I found out about Steve Jobs’ passing last night at a restaurant, among tech friends, on a device he helped create. It surprised me that I’d cared so deeply because, up until that point, I would not have identified myself as an Apple fangirl, or a Jobs Devotee. I use, and love, my Apple products, but I don’t worship the company blindly.
So why did it hurt so much to find out we lost a man I didn’t even know?
I was trying to understand these emotions when I saw this post on Facebook:
If there were no Steve Jobs I wouldn’t have the wife I have, the companies I had, the house I have, or be involved in technology or technology oriented arts in any way, I’m sure of it. Building computers that appealed to creative people gave many of us a path that the green screens (DOS, etc) could never have provided in our formative years. Once I saw the first Macintosh user interface and computers, all I wanted to do was make images on them, and eventually make sounds with them. I didn’t care about the rest, and mostly, I still don’t. Think what you want, but most of technology is driven by engineering thinking, which is important, but has little appeal to creative people. Thank you, Steve Jobs.
In junior high I took a computer class where I learned to program BASIC. I kind of fell into that class because it was either programming or taking a typing class, and I wasn’t interested in typing all day for no reason. I wrote a little looping program to have the computer play Turkey in the Straw. MUSIC! On a computer!
My best friend and I ate lunch in the computer lab because the lunchroom was a minefield, and we were tired of having little bits of paper stuck in our hair. It wasn’t necessarily allowed, and there was some sneaking around involved, but I think the computer teacher understood and turned a blind eye. During one of these lunch times when we played with programs, rewrote them to see what happened, then started all over again, we came up with a brilliant idea. Knowing it’d be annoying, we turned on all of the computers in the lab, set random machines to play Turkey in the Straw at random intervals, turned the monitors off, then started running the programs all at once, and ran out of the room. Like they wouldn’t know who’d done it.
Later we got computers in the Art Room. The Art Room was the happiest place in the whole school for me, because while I was a brain back when it wasn’t cool, I took art electives every time I had a chance. My friend (singular) and I stayed up late at night during weekend sleepovers making giant table-covering paper mache dragons. I remember Mrs. Foster, the art teacher, giving me a special paint brush for watercolors that was a much better brush than the one included in the Prang set. I was so honored, and so touched, and so uplifted by her belief in my skills; I still have and use that brush to this day.
Then came the art computers. I didn’t know those computers DID anything else, those Macintosh computers. And they had sixteen colors in the paint program.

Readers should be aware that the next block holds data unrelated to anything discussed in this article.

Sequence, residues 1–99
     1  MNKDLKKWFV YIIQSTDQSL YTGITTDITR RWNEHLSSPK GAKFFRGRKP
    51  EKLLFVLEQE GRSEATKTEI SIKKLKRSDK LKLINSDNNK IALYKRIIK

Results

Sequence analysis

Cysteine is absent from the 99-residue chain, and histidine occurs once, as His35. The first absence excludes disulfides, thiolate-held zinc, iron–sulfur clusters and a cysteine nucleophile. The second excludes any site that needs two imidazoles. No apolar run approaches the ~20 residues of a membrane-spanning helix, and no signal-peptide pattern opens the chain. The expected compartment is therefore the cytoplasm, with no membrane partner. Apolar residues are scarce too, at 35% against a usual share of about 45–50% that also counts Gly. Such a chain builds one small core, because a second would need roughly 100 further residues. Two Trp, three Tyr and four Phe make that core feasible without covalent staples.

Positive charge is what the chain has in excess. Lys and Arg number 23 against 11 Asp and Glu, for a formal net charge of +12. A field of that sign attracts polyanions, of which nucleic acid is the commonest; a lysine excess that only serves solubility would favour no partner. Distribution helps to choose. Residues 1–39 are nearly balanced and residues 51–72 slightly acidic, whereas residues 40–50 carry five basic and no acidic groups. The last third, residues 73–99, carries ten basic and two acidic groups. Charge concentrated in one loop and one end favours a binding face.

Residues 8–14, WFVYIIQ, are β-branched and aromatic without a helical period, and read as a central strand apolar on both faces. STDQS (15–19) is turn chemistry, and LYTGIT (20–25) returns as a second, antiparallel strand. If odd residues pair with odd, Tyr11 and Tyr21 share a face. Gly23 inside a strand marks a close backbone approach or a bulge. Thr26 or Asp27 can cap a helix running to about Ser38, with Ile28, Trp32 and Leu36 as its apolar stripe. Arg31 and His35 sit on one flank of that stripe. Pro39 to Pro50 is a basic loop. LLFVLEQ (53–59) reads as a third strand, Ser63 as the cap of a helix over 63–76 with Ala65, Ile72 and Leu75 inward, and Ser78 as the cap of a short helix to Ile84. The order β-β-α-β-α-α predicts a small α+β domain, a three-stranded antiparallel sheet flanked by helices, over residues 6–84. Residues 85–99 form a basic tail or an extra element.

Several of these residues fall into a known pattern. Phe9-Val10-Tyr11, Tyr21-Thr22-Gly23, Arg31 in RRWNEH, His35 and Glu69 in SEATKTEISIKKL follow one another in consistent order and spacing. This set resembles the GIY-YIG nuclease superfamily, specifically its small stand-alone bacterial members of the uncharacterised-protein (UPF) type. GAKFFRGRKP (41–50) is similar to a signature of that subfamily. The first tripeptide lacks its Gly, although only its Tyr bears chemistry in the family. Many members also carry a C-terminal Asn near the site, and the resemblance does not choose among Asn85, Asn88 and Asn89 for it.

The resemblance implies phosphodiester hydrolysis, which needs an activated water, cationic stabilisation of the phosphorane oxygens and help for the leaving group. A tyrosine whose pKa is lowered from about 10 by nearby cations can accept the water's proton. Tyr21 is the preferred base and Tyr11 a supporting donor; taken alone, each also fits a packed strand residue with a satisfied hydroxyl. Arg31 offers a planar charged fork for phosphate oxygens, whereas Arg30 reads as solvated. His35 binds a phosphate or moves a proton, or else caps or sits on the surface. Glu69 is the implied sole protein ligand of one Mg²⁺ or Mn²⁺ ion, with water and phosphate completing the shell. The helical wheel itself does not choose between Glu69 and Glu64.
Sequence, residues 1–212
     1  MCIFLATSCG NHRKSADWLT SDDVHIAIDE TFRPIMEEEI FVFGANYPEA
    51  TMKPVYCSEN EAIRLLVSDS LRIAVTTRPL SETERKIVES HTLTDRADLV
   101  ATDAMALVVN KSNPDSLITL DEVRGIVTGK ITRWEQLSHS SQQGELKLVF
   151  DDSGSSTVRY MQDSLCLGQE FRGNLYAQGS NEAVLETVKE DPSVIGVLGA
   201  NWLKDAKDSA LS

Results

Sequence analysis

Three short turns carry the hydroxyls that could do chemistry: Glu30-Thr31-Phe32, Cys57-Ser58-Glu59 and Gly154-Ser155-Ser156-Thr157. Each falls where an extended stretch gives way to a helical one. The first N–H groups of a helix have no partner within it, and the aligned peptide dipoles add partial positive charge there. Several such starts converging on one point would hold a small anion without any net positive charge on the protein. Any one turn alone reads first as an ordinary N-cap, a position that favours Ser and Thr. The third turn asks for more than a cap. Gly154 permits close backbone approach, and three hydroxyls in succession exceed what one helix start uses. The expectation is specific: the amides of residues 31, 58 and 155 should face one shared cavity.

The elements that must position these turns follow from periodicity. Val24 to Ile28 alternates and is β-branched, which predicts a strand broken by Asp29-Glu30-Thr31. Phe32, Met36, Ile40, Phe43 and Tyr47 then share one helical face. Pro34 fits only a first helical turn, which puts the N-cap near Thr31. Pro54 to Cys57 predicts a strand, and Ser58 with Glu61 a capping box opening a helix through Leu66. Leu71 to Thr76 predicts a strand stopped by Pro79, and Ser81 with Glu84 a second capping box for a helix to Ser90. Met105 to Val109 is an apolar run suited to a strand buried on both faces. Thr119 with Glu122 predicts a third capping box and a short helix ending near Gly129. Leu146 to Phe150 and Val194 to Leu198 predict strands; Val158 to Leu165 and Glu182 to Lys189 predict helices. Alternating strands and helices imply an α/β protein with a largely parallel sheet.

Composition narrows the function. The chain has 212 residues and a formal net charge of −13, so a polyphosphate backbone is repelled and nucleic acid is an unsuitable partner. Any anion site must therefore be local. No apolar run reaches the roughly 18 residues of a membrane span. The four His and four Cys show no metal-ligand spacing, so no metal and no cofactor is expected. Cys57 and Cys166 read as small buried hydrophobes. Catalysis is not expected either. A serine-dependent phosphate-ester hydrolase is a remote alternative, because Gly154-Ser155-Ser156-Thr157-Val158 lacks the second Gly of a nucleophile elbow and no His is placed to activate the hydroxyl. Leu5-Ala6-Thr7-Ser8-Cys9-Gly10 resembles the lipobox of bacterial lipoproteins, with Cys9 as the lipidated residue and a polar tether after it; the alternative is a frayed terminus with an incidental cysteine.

I shocked myself with the fact that I could make a “painting” on the computer, and then…print it out. I could erase. Without marks.
Forget BASIC. Me and my snickers bar and Dr. Pepper would spend the rest of the lunches in jr. high in the art room.
Then came the upgrade. Millions of colors. MILLIONS. To someone who’d been working with 16 colors, millions seemed like an impossible wealth. It took my breath away. Computers were a miracle.
But I’d been told many times not to do so much art, to study hard, to get a real job. That art isn’t a real job, and would I rather be a starving artist or have money?
I knew what it was like to not have money. Boy did I. So no, that was a stupid idea, being an artist.
For many years after I wanted to come back to computer-based art, but I didn’t have a computer at home. Eventually I worked my financial way up to a PC, bought Paint Shop Pro, and continued to make computer art on the side while pursuing “real jobs”. Now I have an iPhone that is like a limb to me that I use to make Daily Monsters and Instagram shots, and a mac book that I use only for art and not “work”.
At some point in the past Macs went from being the only computer in schools to being elite artist’s machines, and for years I envied people who had them. Because they were true artist tools, like the paintbrush. It wasn’t until a few years ago that I truly believed an artist could make money. And I attribute a lot of that potential to Apple computers. And Pixar, the forgotten investment, another revolutionary computer art company he had a big hand in developing.
These products, that represent the things I’ve always really wanted to do with my life, are all the children of Steve Jobs. He was one of the great American entrepreneurs, a visionary who looked beyond the gray box of wires and into real human-computer interaction, and there aren’t that many out there.
He didn’t do it alone, because nobody achieves greatness alone, but he really got it. His genius helped make the things that I love a reality, and who knows how long it would have taken engineering-minded IT people to getting around to making art programs.
He’ll be missed.